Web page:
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Hope in Difficult Times

Current Issues

The 2012 Intra-Muslim Predicament

{image_1}At the outset of 2012, irrespective of the Arab–Israeli conflict and the Palestinian issue, the defining geopolitical and religious schism in the Middle East is boiling, exacerbating violent intra-Muslim fragmentation—religious, tribal, ideological, and geographical.

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Dark Clouds Rising in the Middle East

{image_1}Traditionally, storm clouds visit Israel only in the winter months. But this year, storm clouds of war, conflict, and threats are brewing—and they may reach Israel and the region anytime. In some cases, rain drops are already falling and raising concerns of hurricanes to come. Iran’s nuclear program continues to be at the forefront of Israel’s concerns, but a host of other dangers are making for a very dark horizon.

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Israel’s Legal Right to Exist

The saga of Israel’s standing under international law began long before the United Nations was a player on the global scene. As early as the turn of the 20th century, a number of Bible-believing statesmen and politicians, many of them British, were adamant in their support of the return of the Jewish people to their ancient homeland in fulfillment of Bible prophecy.

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Getting to the Bottom of the Middle East Conflict

{image_2} On September 21, 2011, US President Obama proclaimed at the UN General Assembly, “There is one issue that stands as…a test for American foreign policy, and that is the conflict between the Israelis and the Palestinians.” President Obama assumes that the Palestinian issue is a root cause of Middle Eastern turbulence, the crown jewel of Arab policy-making, and the crux of the Arab–Israeli conflict. Is it?

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The European Enigma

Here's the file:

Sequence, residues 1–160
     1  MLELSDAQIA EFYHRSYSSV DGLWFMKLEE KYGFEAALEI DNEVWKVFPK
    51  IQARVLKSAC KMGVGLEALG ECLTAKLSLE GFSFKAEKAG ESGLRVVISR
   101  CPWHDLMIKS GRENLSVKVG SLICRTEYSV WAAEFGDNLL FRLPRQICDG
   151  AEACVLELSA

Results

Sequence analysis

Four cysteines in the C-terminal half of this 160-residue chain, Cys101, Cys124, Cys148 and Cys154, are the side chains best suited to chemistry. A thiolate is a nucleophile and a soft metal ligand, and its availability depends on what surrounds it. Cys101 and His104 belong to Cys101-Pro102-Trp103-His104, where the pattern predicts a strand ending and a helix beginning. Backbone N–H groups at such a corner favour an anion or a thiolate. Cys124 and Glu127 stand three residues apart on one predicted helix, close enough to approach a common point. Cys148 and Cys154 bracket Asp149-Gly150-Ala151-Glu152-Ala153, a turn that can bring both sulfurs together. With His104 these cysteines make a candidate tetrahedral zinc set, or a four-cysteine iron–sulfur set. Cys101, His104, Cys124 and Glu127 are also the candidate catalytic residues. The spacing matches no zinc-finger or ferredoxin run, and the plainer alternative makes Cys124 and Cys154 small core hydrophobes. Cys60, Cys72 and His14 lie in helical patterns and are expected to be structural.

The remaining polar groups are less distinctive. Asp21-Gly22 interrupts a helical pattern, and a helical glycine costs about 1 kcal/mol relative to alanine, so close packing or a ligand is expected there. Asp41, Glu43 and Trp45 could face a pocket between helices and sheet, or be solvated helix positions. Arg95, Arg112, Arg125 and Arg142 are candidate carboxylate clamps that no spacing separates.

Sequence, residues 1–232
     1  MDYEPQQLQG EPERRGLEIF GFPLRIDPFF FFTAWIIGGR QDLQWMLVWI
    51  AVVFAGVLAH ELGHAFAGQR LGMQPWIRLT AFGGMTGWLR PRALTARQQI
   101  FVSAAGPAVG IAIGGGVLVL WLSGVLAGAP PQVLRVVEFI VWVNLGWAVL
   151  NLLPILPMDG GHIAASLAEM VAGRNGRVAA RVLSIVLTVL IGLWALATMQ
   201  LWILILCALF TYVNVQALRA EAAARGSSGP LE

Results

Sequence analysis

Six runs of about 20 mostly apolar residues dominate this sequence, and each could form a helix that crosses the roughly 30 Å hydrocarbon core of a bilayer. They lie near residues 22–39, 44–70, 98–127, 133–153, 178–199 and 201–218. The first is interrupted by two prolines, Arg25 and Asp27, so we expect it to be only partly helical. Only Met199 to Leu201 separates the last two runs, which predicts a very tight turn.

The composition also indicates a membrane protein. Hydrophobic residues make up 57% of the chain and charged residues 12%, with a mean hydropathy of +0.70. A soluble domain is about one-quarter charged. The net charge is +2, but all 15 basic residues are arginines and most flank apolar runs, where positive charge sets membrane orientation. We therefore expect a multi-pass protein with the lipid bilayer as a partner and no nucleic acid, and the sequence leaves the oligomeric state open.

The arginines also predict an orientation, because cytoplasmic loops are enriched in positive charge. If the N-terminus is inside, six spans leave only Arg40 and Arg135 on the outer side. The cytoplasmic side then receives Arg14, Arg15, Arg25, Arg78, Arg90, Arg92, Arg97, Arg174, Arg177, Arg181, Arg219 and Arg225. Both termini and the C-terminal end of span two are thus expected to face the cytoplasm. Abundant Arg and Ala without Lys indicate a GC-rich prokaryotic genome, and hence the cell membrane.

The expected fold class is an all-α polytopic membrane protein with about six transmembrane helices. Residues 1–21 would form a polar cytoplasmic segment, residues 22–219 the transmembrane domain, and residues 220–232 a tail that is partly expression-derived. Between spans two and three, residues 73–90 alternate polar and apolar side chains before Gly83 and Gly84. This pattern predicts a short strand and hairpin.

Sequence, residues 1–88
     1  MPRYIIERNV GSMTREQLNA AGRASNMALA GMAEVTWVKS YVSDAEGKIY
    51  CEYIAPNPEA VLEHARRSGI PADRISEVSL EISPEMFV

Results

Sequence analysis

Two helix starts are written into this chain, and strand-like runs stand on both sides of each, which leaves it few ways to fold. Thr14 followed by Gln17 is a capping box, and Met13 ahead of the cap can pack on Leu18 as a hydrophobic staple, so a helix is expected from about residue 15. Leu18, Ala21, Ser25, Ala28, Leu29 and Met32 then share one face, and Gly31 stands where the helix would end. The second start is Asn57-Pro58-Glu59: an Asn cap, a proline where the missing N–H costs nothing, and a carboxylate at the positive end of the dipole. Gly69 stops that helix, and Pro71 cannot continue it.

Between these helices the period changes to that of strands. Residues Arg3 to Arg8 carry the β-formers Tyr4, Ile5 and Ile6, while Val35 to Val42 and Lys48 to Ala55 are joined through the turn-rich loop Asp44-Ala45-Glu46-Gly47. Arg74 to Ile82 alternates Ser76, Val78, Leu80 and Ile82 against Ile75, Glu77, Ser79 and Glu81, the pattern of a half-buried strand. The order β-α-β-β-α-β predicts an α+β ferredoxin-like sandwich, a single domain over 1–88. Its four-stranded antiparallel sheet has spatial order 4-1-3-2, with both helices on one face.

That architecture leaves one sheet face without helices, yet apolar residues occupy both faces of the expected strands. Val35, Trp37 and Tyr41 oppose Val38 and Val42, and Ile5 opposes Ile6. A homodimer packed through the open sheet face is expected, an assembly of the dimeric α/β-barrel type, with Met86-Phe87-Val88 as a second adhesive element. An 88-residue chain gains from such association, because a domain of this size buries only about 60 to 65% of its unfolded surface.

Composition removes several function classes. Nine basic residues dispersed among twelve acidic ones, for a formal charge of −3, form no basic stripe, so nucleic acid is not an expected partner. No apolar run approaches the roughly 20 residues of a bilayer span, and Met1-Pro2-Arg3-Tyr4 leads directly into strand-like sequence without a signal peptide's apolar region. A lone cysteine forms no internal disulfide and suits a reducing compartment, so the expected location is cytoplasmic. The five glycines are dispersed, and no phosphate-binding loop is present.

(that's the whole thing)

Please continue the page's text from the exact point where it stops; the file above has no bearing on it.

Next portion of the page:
{image_1}Israel’s relationship with Europe is complex to say the least. Anti-Semitism is on the rise, and Israel is routinely assailed by pro-Palestinian activists on the continent. At the same time, Germany has sold multiple nuclear submarines to Israel, and the British finally changed a law that results in less legal harassment for Israeli officials visiting the country. Two of Israel’s closer friends have recently been forced out of power, but one of their stronger critics was too. So, is the relationship getting better, worse, or staying the same? It depends on where you look.

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When a Scorpion Meets a Camel

{image_1}Legend has it that a scorpion and a camel were sitting on the shores of the River Nile one hot summer’s day. The scorpion asks the camel to allow him to sit on his hump in order to ride to the other side. Scorpions, as is commonly known, can’t swim. Reluctantly the camel agrees. Half way across, the scorpion stings the camel. Realizing they’re now both going to drown, the startled camel asks the scorpion, ”Why?” With a grin, the scorpion answers, ”Welcome to the Middle East.”

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The Captive Is Set Free

{image_1}One of Gilad Shalit’s comments during his first interview upon his release was that he had imagined himself in captivity for many more years. And he was not alone. Although there was tremendous momentum worldwide to secure his freedom, many, if not most, authorities on the subject viewed it as a hopeless situation.

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Israel Readies for Rocket Barrage

{image_1}No one can say when the next war will come, but when it does, Israel’s main cities will almost certainly come under sustained bombardment by thousands of tons of warheads. That scenario has the military commanders responsible for protecting its citizens in a frenzy of preparedness. Across the country this summer, Israelis were subject to home front drills, sending people scurrying into shelters, sirens blaring and gas masks distributed. Defense planners want to use underground parking garages and road tunnels as massive bomb shelters.

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Propaganda – The Palestinians’ Political Warfare

{image_1}There is a word in Hebrew that is used often in certain segments of Israeli society that denotes a very important but strangely illusive concept for the modern state. The word is hasbara, and it refers to Israel’s public diplomacy efforts. It is a noun that actually means “explanation,” and many from Israel, including her Christian friends, are engaged in what is called “doing hasbara.” It is traditionally one of the few things that the nation of Israel has not excelled at.

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Back to 1967?

{image_1} It’s perhaps the most oft-mentioned year in Israeli–Palestinian diplomacy, and yet it might be the worst understood concept in the decades-old conflict. Discussed by politicians and commentators alike, the 1967 “borders” have been presented even by US President Barack Obama as a starting point for Israeli–Palestinian negotiations. There are numerous problems with that approach, not the least of which is that the 1967 lines are not borders, nor have they ever been.

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